On Wednesday millions of people around the word had ashes paced on their foreheads as a reminder of their mortality.  Usually these ashes are from burned palms from the previous Palm Sunday, a sobering symbol of what happened to the hosannas and hallelujahs of that day. Of all the days in the Christian Church I think that Ash Wednesday is probably the one freest of illusion, the most grounded in reality. “Remember that you are dust and to dust you shall return.” But this year, two days later, a 10-ton meteor exploded over the Ural Mountain s and the Russian city of Chelyabinsk, unleashing a shock wave that smashed windows, collapsed roofs and injured 1,200 people.

What a dramatic reminder that we are living out our one precious life in an enormous context, not just in St Paul Minnesota, USA, but on a relatively tiny planet in a cosmic sea of galaxies, suns, moon, stars, meteors, black holes and infinite space an silence.  And that everything we hold dear—our families and friends, art and music and history and flowers and fields are all here on this blue and green ball, spinning in space.  Last Friday we were reminded of the cosmic environment, the real context of our lives, as we go about our daily routine here on planet earth.

Carl Sagan said that “our planet, our society, and we ourselves are built of star stuff.”  In fact, 93% of our bodies are made up of the same elements as the stuff that was generated 13 billions years when the world exploded into being. So the ashes placed on your forehead last Wednesday were stardust, that of which we are made and that to which you return.  The same stuff as that ten-ton meteor exploding in space and raining down upon planet Earth.  Ashes from the priest; ashes from the sky.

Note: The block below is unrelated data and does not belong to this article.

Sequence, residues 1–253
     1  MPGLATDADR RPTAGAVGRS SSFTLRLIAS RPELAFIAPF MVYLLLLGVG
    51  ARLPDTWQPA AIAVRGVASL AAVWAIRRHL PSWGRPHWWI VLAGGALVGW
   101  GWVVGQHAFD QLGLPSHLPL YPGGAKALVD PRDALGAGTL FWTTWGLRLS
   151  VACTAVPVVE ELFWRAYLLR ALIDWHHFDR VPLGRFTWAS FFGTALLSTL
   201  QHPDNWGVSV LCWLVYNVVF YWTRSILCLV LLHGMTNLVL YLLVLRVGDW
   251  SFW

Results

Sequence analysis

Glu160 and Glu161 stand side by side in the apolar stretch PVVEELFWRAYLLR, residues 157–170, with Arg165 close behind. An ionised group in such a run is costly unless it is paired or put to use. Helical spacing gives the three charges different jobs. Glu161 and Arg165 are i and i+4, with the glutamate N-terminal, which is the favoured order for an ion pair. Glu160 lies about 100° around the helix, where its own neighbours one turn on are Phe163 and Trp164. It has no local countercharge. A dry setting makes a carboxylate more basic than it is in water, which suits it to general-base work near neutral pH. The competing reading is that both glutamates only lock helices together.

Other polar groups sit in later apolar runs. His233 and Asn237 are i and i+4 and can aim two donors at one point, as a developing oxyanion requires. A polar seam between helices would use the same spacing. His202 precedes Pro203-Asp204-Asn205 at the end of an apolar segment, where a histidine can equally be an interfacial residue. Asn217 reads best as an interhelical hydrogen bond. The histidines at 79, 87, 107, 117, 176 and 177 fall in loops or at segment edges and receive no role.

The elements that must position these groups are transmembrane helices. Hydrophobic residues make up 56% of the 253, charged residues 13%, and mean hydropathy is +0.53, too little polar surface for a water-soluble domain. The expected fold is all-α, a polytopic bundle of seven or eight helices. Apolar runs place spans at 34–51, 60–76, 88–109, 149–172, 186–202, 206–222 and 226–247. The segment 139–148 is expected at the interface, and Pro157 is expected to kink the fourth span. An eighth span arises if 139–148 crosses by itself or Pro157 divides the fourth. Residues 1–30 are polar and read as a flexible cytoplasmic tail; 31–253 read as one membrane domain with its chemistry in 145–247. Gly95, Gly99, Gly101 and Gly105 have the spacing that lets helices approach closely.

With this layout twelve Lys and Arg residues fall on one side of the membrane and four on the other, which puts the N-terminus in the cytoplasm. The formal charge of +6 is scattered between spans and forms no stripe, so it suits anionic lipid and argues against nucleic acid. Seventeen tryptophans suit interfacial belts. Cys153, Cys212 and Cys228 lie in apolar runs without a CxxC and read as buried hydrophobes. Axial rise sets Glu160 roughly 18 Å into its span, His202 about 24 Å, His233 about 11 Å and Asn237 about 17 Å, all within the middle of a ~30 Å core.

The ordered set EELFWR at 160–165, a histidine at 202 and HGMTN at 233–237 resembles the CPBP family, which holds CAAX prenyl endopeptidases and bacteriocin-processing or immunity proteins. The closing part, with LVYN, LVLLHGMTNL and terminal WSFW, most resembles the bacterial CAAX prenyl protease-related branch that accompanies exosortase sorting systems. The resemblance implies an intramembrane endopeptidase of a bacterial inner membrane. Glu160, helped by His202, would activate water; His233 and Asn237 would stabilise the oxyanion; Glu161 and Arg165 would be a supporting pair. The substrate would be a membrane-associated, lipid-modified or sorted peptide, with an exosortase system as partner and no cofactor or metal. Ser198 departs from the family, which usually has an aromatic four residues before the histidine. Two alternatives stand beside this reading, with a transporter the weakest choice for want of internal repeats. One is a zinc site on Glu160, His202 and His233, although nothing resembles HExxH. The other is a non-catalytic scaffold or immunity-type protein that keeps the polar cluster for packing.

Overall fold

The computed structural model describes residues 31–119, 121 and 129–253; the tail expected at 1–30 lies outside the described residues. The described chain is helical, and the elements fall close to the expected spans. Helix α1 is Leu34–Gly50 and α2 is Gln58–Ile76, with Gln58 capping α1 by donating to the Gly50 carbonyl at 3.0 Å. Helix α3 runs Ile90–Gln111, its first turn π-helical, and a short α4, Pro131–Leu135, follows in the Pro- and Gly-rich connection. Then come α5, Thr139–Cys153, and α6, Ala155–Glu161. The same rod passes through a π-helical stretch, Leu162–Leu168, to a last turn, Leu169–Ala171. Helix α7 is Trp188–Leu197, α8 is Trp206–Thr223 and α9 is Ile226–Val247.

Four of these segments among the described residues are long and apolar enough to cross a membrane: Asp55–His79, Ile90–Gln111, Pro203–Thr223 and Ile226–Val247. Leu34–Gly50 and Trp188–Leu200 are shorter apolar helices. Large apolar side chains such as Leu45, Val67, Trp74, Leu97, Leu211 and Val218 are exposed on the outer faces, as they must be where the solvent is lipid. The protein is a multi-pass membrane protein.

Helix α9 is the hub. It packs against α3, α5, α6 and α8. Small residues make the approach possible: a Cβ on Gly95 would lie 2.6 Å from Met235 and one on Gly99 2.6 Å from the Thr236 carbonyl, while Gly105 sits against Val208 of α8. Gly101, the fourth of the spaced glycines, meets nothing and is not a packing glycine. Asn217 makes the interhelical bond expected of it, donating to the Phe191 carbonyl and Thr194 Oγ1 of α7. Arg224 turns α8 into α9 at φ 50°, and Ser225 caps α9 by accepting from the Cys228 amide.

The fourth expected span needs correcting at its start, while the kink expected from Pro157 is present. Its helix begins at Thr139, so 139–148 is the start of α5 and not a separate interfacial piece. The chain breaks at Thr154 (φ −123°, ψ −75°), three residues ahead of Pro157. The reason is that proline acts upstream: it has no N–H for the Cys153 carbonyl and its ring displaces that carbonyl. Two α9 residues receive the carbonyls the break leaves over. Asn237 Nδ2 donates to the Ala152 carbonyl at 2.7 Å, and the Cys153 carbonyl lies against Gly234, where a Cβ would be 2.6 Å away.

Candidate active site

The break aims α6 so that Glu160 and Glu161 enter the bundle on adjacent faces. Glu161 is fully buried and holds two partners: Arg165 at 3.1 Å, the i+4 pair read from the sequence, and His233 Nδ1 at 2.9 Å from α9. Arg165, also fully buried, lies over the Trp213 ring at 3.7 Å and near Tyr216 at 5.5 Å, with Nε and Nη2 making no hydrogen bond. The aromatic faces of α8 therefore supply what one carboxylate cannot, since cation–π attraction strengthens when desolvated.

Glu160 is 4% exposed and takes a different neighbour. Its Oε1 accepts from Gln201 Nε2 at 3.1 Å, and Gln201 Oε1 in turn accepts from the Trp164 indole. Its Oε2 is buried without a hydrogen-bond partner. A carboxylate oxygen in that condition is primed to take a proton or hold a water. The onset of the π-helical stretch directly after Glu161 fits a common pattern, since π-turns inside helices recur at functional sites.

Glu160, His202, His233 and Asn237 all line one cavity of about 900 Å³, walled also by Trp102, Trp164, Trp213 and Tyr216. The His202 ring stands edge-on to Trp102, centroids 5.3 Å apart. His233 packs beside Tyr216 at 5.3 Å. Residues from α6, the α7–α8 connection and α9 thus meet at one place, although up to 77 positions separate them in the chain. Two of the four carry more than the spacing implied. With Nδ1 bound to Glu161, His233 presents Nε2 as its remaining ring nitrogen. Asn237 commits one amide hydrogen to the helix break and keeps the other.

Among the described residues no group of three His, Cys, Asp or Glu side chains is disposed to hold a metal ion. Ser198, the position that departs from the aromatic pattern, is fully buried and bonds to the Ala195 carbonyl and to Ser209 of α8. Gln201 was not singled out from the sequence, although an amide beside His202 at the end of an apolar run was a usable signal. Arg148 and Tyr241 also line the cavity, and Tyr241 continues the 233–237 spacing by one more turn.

Einstein once said, “I didn’t come to my appreciation of the universe using my rational mind alone.”  And neither do we.  So many turn to religion.

Christians believe that the mind of God, the heart of the Creator of all can be discerned.  For us, it is in the logos – the Word God gave us through the historical person of Jesus.  Of course, it’s impossible if not incredibly arrogant — to believe that God’s word God’s expression of God’s self—is not in other forms in other faiths, other time periods, or other galaxies.  The poet Alice Meynell wrote this:

“In the eternities doubtless we shall doubtlessly compare together a million alien Gospels, in what guide he trod the Pleiades the Lyre the Bear.” 

Why ground ourselves in a specific faith and not just walk a more general “spiritual” path?  Historian Joseph Campbell said that a religious faith is “a shortcut into the mystery,” providing stories and traditions and rituals and community to guide us on a path to the holy.

There is a romantic element to stars, a poetic quality.  We wish a star; stars bring our gaze upwards; stars silence us with all we don’t know, all that is “out there,” all that is in here, and the intersection of the two where God  Who Is Love awaits.

Lincoln once said this: “I can see how it might be possible for a man to look down upon the earth and be an atheist, but I cannot conceive how a man could look up into the heavens and say there is no God.”